Sunday, December 23, 2012

Downloading Nancy: Lives Of Quiet Desperation

It bears repeating that the lines between horror movies and other types of movies are in my opinion thin and somewhat arbitrarily constructed. Not all horrors are supernatural, and thrillers and even dramas can be horror movies. 

Cases in point are the last two things about which I wrote before now - American Horror Story, currently juxtaposing demonic possession and mad scientists with the cold, ugly repression of mid-60s America; and Lovely Molly, a haunted house story filled with literal and metaphorical ghosts. Hell, one of the most common readings of/explanations for horror film is that supernatural horrors serve as safe proxies for our real-life horrors, and I already spent a bunch of paragraphs talking about what horror movies are and aren't about. The Shining is about a haunted hotel, but it's also about Jack Torrance's fear of not being able to provide for his family. His caretaking job at the Overlook is his last chance before things start getting ugly, and the strain makes him easy prey for the ghosts of the Overlook.

I bring this up again, because one of the scariest, most upsetting movies I've seen this year wasn't a horror movie by any stretch of the imagination, but neglecting it as part of the broader canon would be a big mistake. Downloading Nancy is a drama, it's a tragedy. It's not a horror movie, but it's full of horror.

We open on Nancy, who is taking a bus to meet someone. She's told her husband, Albert, that she's going to Baltimore to hang out with some friends. She isn't. She's going to meet one person, one man. Their conversation is circular, tentative - they both know each other and don't know each other. They've spoken before and are meeting for the first time, for a specific purpose, to do something Nancy has been anticipating and fantasizing about for a long time. 

Our glimpses of her life with Albert are sad, cavernous with silent resentment. He…well, it's not clear what he does, really. Something to do with prototyping and selling video golf equipment to executive-class facilities, like Platinum Club lounges at airports, stuff like that. Nancy spends a lot of time on her computer - she has some kind of computer-based business, and a lot of Internet friends. It's an unhappy marriage, and Nancy's taking a bus to meet someone with whom she'd been talking online. Nancy wants to be free, and this man can help her in ways Albert can't, or won't. Ways that involve ropes and a lot of plastic, like you'd use to wrap up something big and heavy.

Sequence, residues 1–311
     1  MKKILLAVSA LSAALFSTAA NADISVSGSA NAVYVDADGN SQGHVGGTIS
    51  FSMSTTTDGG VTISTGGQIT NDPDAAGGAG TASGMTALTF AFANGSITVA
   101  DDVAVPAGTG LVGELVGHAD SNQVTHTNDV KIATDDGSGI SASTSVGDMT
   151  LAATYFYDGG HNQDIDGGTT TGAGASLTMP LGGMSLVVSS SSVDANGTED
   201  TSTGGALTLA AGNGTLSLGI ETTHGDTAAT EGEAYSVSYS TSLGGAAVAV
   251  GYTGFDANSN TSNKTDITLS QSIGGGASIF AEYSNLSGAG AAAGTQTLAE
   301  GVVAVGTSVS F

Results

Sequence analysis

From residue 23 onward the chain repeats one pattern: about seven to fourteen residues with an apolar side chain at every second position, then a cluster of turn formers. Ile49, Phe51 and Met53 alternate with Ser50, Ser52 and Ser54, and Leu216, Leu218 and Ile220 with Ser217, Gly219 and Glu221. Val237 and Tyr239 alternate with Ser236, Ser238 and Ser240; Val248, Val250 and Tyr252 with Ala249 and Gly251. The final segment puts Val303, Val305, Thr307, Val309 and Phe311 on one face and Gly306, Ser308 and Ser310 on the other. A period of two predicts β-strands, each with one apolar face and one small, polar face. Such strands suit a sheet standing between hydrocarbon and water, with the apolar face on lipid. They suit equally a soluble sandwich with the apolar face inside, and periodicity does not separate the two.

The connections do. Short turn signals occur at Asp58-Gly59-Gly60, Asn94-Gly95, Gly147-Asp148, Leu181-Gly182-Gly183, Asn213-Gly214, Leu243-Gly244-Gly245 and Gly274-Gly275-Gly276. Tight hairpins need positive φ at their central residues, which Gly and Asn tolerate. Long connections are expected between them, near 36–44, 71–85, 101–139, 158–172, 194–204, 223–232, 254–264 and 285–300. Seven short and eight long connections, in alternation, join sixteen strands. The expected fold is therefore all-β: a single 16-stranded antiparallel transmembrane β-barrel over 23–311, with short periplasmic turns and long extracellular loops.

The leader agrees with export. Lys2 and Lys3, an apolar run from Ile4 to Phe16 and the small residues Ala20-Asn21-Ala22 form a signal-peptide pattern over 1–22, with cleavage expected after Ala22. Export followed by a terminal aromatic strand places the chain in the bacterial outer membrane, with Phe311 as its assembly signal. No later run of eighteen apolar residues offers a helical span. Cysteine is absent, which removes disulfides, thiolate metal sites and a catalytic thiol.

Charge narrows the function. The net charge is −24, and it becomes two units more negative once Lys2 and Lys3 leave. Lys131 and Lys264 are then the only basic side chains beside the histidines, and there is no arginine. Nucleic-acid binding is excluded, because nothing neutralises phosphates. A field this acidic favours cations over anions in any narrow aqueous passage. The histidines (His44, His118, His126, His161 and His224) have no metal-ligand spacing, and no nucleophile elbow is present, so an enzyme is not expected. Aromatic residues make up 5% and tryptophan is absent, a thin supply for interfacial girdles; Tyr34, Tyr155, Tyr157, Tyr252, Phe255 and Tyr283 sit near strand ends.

The scale is small - a married couple, a therapist, and another man. Nothing here is supernatural, nothing here is elaborate or themed. These are people who have lost their way, lost the ability to connect, who cannot hear what others are telling them, even when they're screaming at the top of their lungs. Nancy and Albert can't communicate anymore if they ever could. Nancy's therapist thinks she's listening, but she's not hearing what Nancy is trying to tell her. Nancy is broken, destroyed inside and has been for most of her adult life, and nobody understands or is willing to accept that. She wants out, and nobody will let her go.

It becomes apparent pretty soon what's going to happen, and the movie has the awful weight of a train rolling downhill. You know where it's going to end up, it's not going to end up anywhere else, and every second it takes to get there hurts. It's just a matter of how bad it's going to get. It's really scary, on a human scale, which is the scariest scale of all. These people live and breathe and hurt in the world in which we live, not another world where men in hockey masks dismember sexually promiscuous teens. That's the worst of it, that we know these people for better or worse, and this could happen to us. There's no safety in critical or ironic distance here. Just pain, and a dreadful inevitability.

The film looks as cold and alienating as its story is . Everyone and everything is bathed in a cold, sickly glow, sterile and empty. It's the America that exists outside of the spotlight, the houses in the suburbs, the business functions in event rooms in hotels, the America nobody bothers to write or make movies about. These places are awful in their familiarity - Nancy's computer desk (immediately evocative of the beginnings of mass Internet culture, when for some people, the computer was something around which you built a little environment), the plastic on the couch, bus stations, hardware stores.  All converging on a terrible end.  The smallest details tell your worlds - we don't know much about the other man, but he lives in a business space, filled to the rafters with videotapes. It's never made clear why, but you know it's nothing good.

Ultimately, it's a story about everyone who has let Nancy down her entire life - family, friends, therapists, loved ones, and the one sent to finish the job. There's nothing supernatural here, what haunts Nancy is memory, not ghosts, there are no serial killers with elaborately staged kills, no vampires, no alien monsters (unless you count how Nancy feels about herself), just loss, crushing inevitability, and one woman, trapped by life, howling like a wounded animal. I don't care what it says on the package or the web page or whatever, this is horror. 

No comments:

Post a Comment